14 And deceiveth them that dwell on the earth by the means of those miracles which he had power to do in the sight of the beast; saying to them that dwell on the earth, that they should make an image to the beast, which had the wound by a sword, and did live.
The beast with the wounded head is able to get the whole world to worship him. The end of the chapter describes what happens once the world worships the beast:
16 And he causeth all, both small and great, rich and poor, free and bond, to receive a mark in their right hand, or in their foreheads:
17 And that no man might buy or sell, save he that had the mark, or the name of the beast, or the number of his name.
In short, unless the people of the world receive a mark in their hands or foreheads, they may not buy or sell. The mark in their hands or foreheads can be interpreted as people’s thoughts and deeds. Knowing that we are in the last days, how then does this relate to us?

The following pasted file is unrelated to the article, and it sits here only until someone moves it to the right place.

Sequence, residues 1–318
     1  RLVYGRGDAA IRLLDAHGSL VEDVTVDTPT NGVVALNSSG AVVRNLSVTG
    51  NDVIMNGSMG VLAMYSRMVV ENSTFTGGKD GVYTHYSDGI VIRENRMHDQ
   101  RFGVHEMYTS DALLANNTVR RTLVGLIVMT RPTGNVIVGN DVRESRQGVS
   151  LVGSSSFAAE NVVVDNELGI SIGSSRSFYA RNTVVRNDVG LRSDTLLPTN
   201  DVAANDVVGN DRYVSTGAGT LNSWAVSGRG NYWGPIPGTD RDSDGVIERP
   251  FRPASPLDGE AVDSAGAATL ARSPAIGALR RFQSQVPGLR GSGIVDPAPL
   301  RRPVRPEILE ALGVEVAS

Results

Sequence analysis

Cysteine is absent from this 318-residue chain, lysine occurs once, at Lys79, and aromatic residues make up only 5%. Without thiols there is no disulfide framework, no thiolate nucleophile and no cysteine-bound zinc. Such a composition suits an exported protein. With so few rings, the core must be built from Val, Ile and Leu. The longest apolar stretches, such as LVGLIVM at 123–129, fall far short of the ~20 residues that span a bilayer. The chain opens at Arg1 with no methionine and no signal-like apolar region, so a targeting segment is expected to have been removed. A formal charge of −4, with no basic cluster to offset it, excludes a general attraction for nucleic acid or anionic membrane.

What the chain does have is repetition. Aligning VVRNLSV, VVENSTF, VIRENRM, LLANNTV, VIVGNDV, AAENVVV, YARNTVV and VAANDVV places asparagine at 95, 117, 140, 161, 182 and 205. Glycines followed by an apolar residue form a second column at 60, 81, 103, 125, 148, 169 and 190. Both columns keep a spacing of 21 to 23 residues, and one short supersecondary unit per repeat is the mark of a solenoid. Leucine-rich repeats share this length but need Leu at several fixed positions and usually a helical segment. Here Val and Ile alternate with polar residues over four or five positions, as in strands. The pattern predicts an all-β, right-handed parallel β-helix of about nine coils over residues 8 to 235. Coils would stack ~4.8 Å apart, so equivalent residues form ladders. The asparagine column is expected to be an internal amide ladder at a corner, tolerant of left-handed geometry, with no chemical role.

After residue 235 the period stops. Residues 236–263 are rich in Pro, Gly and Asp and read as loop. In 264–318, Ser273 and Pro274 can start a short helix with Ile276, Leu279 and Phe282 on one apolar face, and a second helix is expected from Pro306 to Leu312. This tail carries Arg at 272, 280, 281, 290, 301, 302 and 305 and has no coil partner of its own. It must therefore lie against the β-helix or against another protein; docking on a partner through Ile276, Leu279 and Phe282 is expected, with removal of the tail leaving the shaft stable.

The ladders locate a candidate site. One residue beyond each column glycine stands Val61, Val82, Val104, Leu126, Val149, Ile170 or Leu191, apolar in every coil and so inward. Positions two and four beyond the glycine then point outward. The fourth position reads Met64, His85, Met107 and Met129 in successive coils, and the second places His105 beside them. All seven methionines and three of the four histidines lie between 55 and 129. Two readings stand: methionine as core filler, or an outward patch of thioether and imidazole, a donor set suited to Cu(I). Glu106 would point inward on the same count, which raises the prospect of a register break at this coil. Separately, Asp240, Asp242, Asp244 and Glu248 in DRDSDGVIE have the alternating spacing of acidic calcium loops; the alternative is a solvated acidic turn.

Today, the United States of America and much of the whole world seems to be at a tipping point that relates very well to these scriptures. There’s a powerful political lobby that has infiltrated every part of our society and spread quickly across the world. It began on the coasts, in Manhattan, N.Y., in an incidence known as Stonewall and has spread its influence throughout the world. Today, if a person or business is not willing to go along with the demands of a powerfully orchestrated group, they may be refused employment, fired, sued, and stripped of their livelihood. As time goes on, it has become pretty clear that this will get much worse. Continue reading →